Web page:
CEE Seminar - Promoting Healthy Environments: Assessing Sidewalk Quality and Socioeconomic Status in Southeast Michigan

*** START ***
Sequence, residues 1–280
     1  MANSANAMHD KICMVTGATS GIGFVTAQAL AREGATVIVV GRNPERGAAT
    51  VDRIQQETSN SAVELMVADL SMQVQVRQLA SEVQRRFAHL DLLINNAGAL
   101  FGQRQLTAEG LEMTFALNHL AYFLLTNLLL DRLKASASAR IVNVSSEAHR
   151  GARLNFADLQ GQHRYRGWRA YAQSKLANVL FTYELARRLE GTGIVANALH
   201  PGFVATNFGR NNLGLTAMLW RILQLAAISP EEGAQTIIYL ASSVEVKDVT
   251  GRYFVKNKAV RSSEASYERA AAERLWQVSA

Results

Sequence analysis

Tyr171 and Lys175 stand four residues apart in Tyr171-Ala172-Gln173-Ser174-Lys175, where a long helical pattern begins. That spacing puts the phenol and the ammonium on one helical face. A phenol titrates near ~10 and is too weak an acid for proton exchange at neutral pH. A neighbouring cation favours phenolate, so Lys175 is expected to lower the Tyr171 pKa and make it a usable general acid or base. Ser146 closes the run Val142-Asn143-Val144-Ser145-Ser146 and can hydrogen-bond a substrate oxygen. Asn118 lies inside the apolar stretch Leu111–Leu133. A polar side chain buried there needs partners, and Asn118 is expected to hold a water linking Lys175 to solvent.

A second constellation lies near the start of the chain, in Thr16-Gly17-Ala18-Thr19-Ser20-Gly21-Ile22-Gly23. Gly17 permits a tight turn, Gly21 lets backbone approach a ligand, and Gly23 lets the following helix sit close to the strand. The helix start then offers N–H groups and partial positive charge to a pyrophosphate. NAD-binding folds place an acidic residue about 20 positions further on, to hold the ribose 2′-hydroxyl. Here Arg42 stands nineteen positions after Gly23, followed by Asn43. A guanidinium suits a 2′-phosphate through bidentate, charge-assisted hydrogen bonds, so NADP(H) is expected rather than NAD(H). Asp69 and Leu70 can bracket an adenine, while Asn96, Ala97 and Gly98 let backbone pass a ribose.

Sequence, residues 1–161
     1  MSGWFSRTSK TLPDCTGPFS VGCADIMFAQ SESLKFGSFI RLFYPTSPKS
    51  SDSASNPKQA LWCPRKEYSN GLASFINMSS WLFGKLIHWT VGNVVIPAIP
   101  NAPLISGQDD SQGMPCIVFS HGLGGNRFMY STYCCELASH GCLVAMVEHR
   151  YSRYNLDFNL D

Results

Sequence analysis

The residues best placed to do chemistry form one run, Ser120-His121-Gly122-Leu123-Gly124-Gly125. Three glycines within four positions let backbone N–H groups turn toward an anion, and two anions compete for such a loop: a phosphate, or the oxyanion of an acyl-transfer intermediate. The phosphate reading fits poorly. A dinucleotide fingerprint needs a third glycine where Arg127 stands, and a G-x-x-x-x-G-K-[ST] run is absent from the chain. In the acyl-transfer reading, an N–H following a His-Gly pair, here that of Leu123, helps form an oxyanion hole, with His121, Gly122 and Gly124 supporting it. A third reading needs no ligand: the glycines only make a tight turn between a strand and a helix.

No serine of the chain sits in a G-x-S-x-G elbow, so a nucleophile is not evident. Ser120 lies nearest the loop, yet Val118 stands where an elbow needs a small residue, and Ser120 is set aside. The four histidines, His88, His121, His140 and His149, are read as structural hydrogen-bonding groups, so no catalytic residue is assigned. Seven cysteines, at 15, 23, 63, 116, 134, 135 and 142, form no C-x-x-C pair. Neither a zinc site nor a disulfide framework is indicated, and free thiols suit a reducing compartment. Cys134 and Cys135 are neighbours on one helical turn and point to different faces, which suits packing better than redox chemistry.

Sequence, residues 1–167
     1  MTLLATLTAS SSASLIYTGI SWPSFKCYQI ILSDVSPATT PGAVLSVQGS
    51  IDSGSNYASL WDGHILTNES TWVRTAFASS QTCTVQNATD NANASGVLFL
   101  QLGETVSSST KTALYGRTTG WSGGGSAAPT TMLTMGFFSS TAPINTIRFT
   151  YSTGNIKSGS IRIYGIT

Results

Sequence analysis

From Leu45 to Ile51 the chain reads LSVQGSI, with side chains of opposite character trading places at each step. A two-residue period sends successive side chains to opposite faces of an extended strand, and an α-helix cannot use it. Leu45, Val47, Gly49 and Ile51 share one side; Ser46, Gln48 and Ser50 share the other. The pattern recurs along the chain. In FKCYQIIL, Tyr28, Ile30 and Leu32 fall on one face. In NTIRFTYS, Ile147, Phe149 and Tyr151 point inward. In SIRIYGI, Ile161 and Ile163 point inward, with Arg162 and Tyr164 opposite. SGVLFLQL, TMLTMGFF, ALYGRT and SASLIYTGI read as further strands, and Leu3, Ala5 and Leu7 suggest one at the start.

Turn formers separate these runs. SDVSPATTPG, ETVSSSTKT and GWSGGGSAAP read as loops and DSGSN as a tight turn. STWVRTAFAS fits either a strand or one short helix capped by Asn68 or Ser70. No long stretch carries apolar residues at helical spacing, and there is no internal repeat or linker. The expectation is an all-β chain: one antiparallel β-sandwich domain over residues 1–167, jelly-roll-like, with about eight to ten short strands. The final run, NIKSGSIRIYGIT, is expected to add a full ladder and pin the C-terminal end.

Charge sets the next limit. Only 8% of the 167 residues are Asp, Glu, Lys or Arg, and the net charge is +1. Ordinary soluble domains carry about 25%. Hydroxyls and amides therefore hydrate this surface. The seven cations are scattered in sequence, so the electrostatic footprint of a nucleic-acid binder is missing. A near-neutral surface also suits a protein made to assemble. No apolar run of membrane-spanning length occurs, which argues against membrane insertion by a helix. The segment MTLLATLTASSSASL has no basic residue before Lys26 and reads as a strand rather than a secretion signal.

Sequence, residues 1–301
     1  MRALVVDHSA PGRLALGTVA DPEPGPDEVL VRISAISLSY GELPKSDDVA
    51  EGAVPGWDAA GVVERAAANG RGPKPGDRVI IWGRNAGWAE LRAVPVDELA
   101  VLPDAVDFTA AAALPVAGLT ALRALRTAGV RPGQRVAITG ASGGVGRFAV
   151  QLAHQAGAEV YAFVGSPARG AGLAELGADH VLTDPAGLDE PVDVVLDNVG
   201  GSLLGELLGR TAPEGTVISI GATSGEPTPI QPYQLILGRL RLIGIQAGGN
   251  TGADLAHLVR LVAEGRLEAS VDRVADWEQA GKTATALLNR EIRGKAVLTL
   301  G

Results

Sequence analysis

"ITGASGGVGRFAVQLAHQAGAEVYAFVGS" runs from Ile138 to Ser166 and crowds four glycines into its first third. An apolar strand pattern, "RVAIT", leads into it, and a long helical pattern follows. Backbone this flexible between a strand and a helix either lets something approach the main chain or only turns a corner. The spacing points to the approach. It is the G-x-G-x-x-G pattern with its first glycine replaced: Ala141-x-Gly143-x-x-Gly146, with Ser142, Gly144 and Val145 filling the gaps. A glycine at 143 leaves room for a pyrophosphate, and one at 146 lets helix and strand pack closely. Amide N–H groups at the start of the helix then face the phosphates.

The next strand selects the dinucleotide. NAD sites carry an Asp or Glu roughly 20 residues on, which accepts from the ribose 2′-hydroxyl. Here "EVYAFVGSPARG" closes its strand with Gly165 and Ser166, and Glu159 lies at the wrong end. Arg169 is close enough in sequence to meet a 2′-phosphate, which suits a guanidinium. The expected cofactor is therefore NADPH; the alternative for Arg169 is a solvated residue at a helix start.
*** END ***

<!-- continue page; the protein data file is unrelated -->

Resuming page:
The auto-centric culture of Pontiac, Michigan, contributed to the excessive construction of roads that transformed many walkable urban areas into isolated neighborhoods. Neighborhood walkability is vital for promoting community cohesion, physical activity, social interaction, and environmental sustainability. We directly assessed over 50 miles of sidewalks in 100 feet intervals for sidewalk quality, walkability, and neighborhood socioeconomic factors. Sidewalks were assessed for tripping hazards, cracking, vegetation growth, obstacles, overhead coverage, buffers, and street lighting. Geographic location data on each sidewalk segment was mapped with U.S. Census block data. Sidewalk cracking, vegetation growth over the sidewalk, slight tripping hazards (~0.5 inches), and a lack of ample street lighting were common. Neighborhood block groups with a lower proportion of white Americans had a higher frequency of poor sidewalk quality. The sidewalk audits were conducted as an evaluation of non-motorized transportation infrastructure to prioritize areas for improvement and maintenance.